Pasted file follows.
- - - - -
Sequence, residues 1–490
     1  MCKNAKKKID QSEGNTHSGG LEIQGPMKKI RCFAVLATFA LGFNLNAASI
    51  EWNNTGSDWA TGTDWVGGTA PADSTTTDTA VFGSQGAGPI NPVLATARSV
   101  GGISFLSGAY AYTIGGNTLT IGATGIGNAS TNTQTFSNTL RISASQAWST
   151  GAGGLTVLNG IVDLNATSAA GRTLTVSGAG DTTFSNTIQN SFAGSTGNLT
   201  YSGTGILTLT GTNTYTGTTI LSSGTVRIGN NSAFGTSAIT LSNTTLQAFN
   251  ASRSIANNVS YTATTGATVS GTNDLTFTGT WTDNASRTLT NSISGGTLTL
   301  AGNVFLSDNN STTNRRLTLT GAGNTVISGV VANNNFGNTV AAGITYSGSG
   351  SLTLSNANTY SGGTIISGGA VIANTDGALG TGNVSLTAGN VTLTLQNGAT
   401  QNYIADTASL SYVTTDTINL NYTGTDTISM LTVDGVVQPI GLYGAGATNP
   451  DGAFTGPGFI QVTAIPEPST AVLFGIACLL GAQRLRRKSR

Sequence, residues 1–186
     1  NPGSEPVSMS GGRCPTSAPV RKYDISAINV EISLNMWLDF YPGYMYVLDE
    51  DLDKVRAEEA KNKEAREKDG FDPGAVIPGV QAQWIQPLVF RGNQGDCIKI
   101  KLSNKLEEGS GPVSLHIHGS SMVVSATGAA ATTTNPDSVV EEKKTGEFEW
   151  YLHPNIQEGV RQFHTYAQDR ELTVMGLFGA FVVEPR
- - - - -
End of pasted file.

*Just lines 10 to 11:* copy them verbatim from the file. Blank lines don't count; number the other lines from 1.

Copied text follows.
   401  QNYIADTASL SYVTTDTINL NYTGTDTISM LTVDGVVQPI GLYGAGATNP
   451  DGAFTGPGFI QVTAIPEPST AVLFGIACLL GAQRLRRKSR